He counts each door as it closes, the echo of locks sliding home building in his head until when the last door, his cell door, clangs resoundingly it's all he can hear for a long time.
Too many doors and gates between him and freedom, and it doesn't matter that he's here through choice; that doesn't count for anything.
He's dressed like the man in the bunk overhead; he smells like him, their skin scoured clean with the same cheap soap, dried on the same thin scratch of towel. He's innocent, not guilty, but it doesn't matter.
He's scared. Spit-dry mouth scared. He hates open spaces because they make him feel lost; no reference points, nothing to guide him, but this is worse. He's suffocating.
Beyond the gates isn't safe, either; he knows that. He lives each day alert to danger to himself, to Blair, to the people of the city. Not necessarily in that order.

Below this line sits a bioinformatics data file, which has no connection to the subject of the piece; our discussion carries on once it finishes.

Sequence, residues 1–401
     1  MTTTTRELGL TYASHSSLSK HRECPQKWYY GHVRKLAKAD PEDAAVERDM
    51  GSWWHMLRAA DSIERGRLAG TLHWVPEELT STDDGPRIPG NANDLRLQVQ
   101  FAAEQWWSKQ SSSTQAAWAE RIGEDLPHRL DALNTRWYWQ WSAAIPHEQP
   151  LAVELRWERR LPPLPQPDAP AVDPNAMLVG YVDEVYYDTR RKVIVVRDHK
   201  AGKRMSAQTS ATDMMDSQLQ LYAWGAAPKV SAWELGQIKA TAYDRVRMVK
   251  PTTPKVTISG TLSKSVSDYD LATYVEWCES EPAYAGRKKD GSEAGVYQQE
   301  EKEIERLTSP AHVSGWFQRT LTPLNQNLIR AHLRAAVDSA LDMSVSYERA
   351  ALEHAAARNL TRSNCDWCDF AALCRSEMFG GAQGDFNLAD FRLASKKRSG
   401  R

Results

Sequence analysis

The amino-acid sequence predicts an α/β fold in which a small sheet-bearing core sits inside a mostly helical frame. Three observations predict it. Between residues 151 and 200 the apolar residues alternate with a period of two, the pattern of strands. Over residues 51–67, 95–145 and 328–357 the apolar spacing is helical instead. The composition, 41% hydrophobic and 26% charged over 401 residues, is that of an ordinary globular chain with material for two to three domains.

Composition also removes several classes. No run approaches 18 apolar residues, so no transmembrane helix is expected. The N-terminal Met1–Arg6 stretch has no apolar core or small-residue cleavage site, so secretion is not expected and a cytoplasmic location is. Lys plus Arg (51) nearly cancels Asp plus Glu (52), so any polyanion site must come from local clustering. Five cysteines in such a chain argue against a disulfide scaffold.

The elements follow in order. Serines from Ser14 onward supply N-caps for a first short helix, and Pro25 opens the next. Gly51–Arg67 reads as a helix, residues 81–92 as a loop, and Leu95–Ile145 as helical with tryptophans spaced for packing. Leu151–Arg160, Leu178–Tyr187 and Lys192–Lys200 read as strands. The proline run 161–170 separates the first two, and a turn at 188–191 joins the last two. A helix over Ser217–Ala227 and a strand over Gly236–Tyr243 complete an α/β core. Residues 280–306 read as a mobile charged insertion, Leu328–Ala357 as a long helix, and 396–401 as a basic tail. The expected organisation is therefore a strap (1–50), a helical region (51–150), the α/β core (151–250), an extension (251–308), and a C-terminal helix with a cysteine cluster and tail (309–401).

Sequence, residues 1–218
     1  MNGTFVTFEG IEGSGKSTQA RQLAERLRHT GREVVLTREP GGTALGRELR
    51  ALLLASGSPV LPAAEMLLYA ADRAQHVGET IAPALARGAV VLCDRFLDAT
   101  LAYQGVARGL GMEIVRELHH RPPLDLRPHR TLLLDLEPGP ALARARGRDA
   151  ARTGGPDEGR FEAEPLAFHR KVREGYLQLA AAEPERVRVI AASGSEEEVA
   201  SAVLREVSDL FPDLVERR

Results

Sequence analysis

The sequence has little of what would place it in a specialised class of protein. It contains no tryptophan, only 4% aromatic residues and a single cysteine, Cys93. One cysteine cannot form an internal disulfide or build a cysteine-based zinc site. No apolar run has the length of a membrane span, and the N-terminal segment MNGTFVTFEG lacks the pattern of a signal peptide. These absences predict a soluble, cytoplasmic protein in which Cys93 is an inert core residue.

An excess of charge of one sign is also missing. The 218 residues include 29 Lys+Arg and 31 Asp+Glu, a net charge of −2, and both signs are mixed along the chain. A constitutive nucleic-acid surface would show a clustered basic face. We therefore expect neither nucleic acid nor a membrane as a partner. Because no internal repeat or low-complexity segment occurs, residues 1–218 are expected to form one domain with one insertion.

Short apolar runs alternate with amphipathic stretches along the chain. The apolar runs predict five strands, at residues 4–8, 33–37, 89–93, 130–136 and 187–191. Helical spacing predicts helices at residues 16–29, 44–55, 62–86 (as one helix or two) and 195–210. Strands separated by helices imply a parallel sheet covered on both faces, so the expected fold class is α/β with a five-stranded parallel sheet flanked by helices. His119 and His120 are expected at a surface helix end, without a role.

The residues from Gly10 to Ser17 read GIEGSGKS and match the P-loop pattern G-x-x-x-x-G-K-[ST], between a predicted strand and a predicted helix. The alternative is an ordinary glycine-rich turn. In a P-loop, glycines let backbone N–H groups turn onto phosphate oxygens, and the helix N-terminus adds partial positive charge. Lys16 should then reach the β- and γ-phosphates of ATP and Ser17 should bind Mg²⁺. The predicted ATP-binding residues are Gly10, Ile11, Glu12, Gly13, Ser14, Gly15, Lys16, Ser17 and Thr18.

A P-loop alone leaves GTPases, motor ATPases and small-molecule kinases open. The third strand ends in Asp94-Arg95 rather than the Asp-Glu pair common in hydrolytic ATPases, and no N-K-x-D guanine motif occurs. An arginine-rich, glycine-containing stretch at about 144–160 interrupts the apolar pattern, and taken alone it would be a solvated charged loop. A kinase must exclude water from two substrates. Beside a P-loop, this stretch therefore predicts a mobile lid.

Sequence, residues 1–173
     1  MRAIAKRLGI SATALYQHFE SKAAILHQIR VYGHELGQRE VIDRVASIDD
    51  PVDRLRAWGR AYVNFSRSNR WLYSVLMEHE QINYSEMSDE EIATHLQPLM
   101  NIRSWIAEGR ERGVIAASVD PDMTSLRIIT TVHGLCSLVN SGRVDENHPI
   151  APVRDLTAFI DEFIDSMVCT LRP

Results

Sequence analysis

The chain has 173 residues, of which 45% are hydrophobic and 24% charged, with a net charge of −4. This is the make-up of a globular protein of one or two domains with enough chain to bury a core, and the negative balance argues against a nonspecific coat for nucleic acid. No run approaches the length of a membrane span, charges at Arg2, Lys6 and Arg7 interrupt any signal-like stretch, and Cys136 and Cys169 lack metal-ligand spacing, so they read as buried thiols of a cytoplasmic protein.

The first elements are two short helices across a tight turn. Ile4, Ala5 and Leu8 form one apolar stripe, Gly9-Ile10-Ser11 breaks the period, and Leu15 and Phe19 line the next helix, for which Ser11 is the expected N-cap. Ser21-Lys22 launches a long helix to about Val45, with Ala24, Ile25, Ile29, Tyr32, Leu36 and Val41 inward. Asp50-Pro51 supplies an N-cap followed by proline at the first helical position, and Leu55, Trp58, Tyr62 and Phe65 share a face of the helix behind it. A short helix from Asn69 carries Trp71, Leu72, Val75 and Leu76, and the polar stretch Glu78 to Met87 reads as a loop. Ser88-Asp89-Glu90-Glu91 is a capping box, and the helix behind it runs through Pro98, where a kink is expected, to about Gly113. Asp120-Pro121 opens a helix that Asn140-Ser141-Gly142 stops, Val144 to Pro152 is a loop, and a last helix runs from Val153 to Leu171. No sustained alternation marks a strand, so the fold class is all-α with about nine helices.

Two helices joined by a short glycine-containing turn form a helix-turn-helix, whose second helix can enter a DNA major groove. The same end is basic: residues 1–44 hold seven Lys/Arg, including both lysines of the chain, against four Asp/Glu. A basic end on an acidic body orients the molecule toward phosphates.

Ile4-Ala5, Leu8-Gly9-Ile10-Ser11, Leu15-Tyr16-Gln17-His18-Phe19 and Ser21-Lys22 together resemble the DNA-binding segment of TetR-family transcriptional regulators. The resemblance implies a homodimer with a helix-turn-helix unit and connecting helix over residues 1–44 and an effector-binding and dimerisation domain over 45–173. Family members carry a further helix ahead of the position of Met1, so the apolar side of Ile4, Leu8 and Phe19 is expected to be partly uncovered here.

But that's different. Out there he's constrained by rules, sure, by the laws he's sworn to uphold. Heavy chains and he feels their weight every time he cuffs a criminal he wants to obliterate from the world, leading him away when he wants to bury him deep.
Mercy's a very civilized emotion and sometimes Jim doesn't feel all that evolved.
But today he's stood for hours, ankles shackled, wrists circled with steel. Today he's behind one gate, six doors deep.
Today he's one of a thousand flies buzzing against a glass jar, trying to reach what they can see but not touch.
And down the corridor he can hear a man begging and it sounds like an echo, too.
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